total includes those who maintain their own household (7.7 million in
1998), as well as those living in the homes of relatives or others.
Mothers still account for most of the nation's 11.9 million single
- The number of women living alone doubled between 1970 and 1998, from 7.3
million to 15.3 million, or 14 percent of all women 15 years old and
over. Half of the women living alone were elderly; put another way, 41
percent of all elderly women lived by themselves.
- All in all, 30.2 million households in 1998 about 30 percent of the
nation's total were maintained by women with no husband present. In
1970, there were 13.4 million such households, comprising about 20
percent of all households.
Sports and Recreation
- In 1996, the most popular participatory sport for women and girls ages 7
and over was exercise walking: the 47 million who put on their walking
shoes at least six times that year comprised nearly two-thirds of the
- During the 1996-97 school year, 128,000 women took part in National
Collegiate Athletic Association (NCAA)-sanctioned sports, constituting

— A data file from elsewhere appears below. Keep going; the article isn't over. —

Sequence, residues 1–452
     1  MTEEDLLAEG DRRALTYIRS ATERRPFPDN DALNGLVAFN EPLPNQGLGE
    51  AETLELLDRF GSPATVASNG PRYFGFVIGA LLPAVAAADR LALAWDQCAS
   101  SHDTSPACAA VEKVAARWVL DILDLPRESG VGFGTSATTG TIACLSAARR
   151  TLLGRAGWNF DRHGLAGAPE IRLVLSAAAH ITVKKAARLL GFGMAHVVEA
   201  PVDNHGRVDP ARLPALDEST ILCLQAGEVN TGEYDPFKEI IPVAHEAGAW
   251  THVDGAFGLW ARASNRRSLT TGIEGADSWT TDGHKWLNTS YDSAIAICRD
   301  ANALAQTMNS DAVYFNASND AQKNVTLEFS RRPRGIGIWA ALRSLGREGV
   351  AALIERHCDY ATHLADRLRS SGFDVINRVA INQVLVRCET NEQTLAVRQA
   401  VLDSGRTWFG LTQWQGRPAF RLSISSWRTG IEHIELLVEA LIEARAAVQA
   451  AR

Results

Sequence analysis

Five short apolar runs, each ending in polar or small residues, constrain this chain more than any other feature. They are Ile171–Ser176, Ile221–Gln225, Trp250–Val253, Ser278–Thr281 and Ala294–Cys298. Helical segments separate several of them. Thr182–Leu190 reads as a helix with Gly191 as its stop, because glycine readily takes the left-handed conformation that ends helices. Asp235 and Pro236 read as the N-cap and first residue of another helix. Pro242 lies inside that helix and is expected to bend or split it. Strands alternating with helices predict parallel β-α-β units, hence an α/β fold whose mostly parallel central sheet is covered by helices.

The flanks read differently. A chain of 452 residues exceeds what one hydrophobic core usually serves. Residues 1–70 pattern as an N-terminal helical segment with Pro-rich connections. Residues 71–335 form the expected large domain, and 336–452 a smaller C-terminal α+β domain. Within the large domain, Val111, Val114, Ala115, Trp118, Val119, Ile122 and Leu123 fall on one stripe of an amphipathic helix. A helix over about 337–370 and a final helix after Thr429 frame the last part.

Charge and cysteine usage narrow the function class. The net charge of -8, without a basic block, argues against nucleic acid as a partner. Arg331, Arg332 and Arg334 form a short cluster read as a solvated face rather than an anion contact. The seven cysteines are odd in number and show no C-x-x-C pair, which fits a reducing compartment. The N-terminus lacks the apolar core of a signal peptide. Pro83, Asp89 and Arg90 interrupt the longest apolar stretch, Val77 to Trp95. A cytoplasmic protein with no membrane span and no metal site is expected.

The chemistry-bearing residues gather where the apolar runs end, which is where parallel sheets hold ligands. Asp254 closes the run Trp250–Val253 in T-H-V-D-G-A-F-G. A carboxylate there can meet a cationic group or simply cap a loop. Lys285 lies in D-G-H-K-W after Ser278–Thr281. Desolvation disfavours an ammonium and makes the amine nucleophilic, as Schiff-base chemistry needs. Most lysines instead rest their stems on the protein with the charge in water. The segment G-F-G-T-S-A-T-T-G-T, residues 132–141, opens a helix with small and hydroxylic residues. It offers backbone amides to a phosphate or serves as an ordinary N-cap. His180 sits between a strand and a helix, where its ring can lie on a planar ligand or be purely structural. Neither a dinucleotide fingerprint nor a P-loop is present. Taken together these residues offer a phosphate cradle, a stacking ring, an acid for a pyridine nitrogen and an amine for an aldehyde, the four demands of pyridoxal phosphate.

4 in 10 participants. The 7,684 NCAA-sanctioned women's teams, however,
virtually equaled the number of men's teams. Outdoor track had the most
female athletes, basketball the most women's teams.
- The number of women-owned businesses in the United States reached 6.4
million in 1992, comprising 33 percent of all domestic firms. Women-
owned businesses generated $1.6 trillion in revenues and employed 13.2
million people. <http://www.census.gov/Press-Release/cb96-07.html>
- Women-owned businesses hire proportionately more women. In 1992, 35
percent of women-owned employer firms reported 75 percent or more of
their work force was female, compared with less than 24 percent of the
nonminority male-owned firms.
The preceding facts come from the Current Population Survey, population
estimates, the Survey of
Income and Program Participation, the Survey of Women-Owned Businesses, the
Business Owners Survey and the Statistical Abstract of the United States.
The data are subject to
sampling variability and other sources of error. Previous Facts for Features
in 1999: African American History
Month (February) and Valentine's Day (February 14). Questions or comments
should be directed to the
Census Bureau's Public Information Office (Tel: 301-457-3030; Fax: